Communications are critical for national defense. A compliant Communications and Information System (CIS) is required to deliver secure, instant communications.
National defense, homeland security and safety as well as Armies commandment tasked with choosing a Communications and Information System (CIS) are in an increasingly challenging position. Before they can even start thinking about selecting a solution they need to ensure vendors are compliant and have the necessary government certifications. Whether it’s NIST, JITC, TAA in the U.S., or the European Committee for Standardization such as Common Criteria and BSI, defense contracts are not just handed out like candy. In addition to a vendor meeting specific certifications, solutions, products and team or armed forces must also meet stringent criteria.
Once all the compliancy tick boxes are checked, you need to take a look at what’s really keeping decision-makers up at night. Based on our research, we’ve come up with the following eight elements you will need to get in the running as a vendor for a national defense CIS.
1. Certainly, at the top of the list is a high availability solution, with performance anytime, anywhere. Carrier-class availability must ensure mission critical communications are not affected by outages. Defense communications solutions need to provide 99.999 percent operability, with a maximum downtime of just a few minutes per year. Redundancy and network availability are non-negotiable.
2. Equally important is security. End-to-end multi-layer security is required to provide protection at all levels of the network. Integrated management tools must allow security supervision across all elements. In addition, mobile devices are transforming the communications landscape and heightening the need for security as cyber attackers exploit the increasing volumes of code contained in every point of access. Defense-grade encryption, data privacy and secure communication environments require a secure, available infrastructure that is efficient and easy to manage.
3. Optimal network performance demands a simplified management solution, from a single and easy to use platform. Network managers and signal teams need a solution that lets them configure and troubleshoot devices, with real-time monitoring and reporting of mission-critical, network-based application and network resources. With real-time analytics from the field or remote forces, administrative information, security equipment status, materials and vehicles information, providing them with important data to support rapid, tactical and strategic decisions.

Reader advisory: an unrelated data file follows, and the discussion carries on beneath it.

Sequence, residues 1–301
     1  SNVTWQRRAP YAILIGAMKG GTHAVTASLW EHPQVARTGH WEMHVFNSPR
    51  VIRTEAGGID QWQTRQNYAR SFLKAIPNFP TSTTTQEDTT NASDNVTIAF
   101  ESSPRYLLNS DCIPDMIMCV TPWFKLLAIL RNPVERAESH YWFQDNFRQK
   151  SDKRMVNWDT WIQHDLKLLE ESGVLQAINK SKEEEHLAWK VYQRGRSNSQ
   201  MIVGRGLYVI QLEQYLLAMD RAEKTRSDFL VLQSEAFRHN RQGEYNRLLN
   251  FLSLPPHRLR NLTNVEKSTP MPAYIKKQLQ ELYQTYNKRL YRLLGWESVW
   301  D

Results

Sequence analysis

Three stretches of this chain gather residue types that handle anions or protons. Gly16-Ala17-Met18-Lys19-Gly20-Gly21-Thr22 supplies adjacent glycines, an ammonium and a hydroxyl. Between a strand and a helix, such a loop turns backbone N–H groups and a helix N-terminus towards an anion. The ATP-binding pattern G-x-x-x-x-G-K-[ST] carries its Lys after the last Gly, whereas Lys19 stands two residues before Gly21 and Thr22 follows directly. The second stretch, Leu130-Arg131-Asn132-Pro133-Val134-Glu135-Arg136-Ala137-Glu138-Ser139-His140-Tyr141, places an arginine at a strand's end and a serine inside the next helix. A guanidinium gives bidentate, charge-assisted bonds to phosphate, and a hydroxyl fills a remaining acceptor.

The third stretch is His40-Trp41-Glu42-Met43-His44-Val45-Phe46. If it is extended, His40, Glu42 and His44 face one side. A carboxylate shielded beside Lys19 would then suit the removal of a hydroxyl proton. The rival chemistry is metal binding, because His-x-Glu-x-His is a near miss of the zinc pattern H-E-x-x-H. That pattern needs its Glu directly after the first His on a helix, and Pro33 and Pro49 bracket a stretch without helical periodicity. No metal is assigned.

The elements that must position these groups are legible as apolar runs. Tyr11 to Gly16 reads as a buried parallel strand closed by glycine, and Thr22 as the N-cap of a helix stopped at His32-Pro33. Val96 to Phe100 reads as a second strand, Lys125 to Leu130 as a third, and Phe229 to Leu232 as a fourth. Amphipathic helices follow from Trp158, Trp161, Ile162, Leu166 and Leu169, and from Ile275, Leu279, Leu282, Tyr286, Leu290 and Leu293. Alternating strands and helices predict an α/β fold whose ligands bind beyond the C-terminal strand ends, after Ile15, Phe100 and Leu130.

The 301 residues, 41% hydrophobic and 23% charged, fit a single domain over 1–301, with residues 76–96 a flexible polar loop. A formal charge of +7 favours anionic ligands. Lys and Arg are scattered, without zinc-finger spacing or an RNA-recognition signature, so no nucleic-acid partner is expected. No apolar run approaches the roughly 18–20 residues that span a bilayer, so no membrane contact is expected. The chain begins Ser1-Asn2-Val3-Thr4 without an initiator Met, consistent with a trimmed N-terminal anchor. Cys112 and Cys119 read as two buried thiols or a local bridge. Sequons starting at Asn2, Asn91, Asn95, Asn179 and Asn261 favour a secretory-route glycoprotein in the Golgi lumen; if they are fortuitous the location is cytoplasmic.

4. Secure information sharing and collaboration across disparate networks that is easy from any device, anytime, anywhere, and in real-time can help decisions get made quickly. And in the world of Defense, seconds make a difference and can enhance emergency response team effectiveness.
5. With the Internet of Things (IoT), defense staff can receive information from security equipment, materials and vehicles, concerning their safety, health and logistic maintenance needs. Information can include alerts, maintenance updates, malfunction or attacks alarms. A Defense CIS must ensure automated and secured management for these devices and sensors. IoT containment that separates the network into distinct containers can help ensure privacy and secure operations.
6. Decision-makers must consider the environmental requirements for any solution that is deployed. Ruggedized equipment must endure harsh conditions and enable continued communications, especially for field teams or specific defense machines such as armored vehicles, submarines, planes or warships. In addition, core solutions and end devices must be able to withstand high temperatures or humidity variations and be shock resistant (+ EMI constraints, DNV marine compliance, MIL-STD compliance, SDIP levels).
7. What about new technologies like mobility and collaboration? Can the defense industry benefit of them? Yes, but they need to be adapted to those particular requirements They should offer secured, encrypted communications over a private network and resists in harsh conditions. For example, adapted vehicles routers, ruggedized, shock and high temperatures-resistant, as well as secured collaboration tools protecting mission-critical data transfers and communications. They can make a great difference for mobile teams in vehicles, shelters or mobile command posts, and can be useful as well during joint OPS by allowing automatic voice translations, if they are adapted for their needs and uses.
8. And lastly, a solution that makes it into consideration must be open to rapid evolution and integration with minimal IT involvement. Open standards-based operating systems make it simple to integrate new equipment into the network, run new applications and ensure scalability, to meet evolving needs. The solution must interconnect with partner applications running on other platforms and enable organizations to adapt to heterogeneous environments.
The challenge for any new network is making sure all the disparate pieces work together efficiently and securely. Key to success is a partner that can integrate the best, certified, mix of technologies and applications to deliver a solution tailored specifically to meet national defense needs. Alcatel-Lucent Enterprise has been delivering certified, secured government solutions to help I.C.T. defense teams to address communication needs.
ALE launched a new entry-level service plan, called Rainbow Office Essentials, across Europe for businesses seeking the key features of a unified communications offering – phone and messaging – at an affordable rate.
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